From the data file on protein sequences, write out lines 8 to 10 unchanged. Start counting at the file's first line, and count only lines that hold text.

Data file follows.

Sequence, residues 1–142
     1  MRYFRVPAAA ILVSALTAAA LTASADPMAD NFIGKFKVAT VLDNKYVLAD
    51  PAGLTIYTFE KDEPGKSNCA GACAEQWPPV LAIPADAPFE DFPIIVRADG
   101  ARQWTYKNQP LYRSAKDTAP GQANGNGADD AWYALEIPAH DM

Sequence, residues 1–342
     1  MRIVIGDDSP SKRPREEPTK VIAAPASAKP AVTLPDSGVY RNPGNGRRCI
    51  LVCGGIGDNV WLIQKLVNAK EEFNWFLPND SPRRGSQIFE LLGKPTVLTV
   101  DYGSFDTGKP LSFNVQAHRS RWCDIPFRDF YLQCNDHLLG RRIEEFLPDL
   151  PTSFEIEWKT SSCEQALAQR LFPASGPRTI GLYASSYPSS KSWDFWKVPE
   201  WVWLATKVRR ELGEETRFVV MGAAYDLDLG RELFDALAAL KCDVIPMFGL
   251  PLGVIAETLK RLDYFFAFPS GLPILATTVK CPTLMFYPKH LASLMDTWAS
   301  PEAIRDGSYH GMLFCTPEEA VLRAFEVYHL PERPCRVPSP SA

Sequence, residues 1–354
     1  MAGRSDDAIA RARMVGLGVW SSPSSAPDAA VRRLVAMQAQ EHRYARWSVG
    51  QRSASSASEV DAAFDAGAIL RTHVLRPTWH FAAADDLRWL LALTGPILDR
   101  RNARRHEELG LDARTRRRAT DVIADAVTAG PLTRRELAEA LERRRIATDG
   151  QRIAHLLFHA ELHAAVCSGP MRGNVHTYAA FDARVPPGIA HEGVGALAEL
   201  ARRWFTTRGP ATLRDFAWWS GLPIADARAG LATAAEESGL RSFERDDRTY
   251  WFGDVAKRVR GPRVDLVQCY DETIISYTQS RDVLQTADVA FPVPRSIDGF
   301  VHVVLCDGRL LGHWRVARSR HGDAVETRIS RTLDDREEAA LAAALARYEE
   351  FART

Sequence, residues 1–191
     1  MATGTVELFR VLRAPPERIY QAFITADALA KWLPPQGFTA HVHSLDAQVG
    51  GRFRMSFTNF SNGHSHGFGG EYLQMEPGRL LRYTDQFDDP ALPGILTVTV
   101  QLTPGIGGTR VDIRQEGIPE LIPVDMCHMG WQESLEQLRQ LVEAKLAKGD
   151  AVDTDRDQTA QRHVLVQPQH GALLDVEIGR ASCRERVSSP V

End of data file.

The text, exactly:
   101  DYGSFDTGKP LSFNVQAHRS RWCDIPFRDF YLQCNDHLLG RRIEEFLPDL
   151  PTSFEIEWKT SSCEQALAQR LFPASGPRTI GLYASSYPSS KSWDFWKVPE
   201  WVWLATKVRR ELGEETRFVV MGAAYDLDLG RELFDALAAL KCDVIPMFGL